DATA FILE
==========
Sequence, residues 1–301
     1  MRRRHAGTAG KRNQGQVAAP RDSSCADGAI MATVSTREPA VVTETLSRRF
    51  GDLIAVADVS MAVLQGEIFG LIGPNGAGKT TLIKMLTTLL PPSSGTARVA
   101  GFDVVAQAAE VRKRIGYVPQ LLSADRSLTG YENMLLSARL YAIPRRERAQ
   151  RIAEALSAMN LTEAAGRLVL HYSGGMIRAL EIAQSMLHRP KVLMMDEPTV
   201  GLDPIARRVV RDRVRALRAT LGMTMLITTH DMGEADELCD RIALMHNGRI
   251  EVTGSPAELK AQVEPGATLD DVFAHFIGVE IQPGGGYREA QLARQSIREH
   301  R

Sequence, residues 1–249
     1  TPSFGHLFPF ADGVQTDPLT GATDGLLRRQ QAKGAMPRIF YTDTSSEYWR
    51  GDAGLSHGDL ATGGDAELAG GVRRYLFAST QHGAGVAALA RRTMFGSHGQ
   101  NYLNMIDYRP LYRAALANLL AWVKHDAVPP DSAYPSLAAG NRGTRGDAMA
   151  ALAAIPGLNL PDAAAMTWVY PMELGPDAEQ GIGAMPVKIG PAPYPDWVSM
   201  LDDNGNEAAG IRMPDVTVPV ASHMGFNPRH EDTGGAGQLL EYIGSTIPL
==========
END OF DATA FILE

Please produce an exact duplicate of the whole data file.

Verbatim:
Sequence, residues 1–301
     1  MRRRHAGTAG KRNQGQVAAP RDSSCADGAI MATVSTREPA VVTETLSRRF
    51  GDLIAVADVS MAVLQGEIFG LIGPNGAGKT TLIKMLTTLL PPSSGTARVA
   101  GFDVVAQAAE VRKRIGYVPQ LLSADRSLTG YENMLLSARL YAIPRRERAQ
   151  RIAEALSAMN LTEAAGRLVL HYSGGMIRAL EIAQSMLHRP KVLMMDEPTV
   201  GLDPIARRVV RDRVRALRAT LGMTMLITTH DMGEADELCD RIALMHNGRI
   251  EVTGSPAELK AQVEPGATLD DVFAHFIGVE IQPGGGYREA QLARQSIREH
   301  R

Sequence, residues 1–249
     1  TPSFGHLFPF ADGVQTDPLT GATDGLLRRQ QAKGAMPRIF YTDTSSEYWR
    51  GDAGLSHGDL ATGGDAELAG GVRRYLFAST QHGAGVAALA RRTMFGSHGQ
   101  NYLNMIDYRP LYRAALANLL AWVKHDAVPP DSAYPSLAAG NRGTRGDAMA
   151  ALAAIPGLNL PDAAAMTWVY PMELGPDAEQ GIGAMPVKIG PAPYPDWVSM
   201  LDDNGNEAAG IRMPDVTVPV ASHMGFNPRH EDTGGAGQLL EYIGSTIPL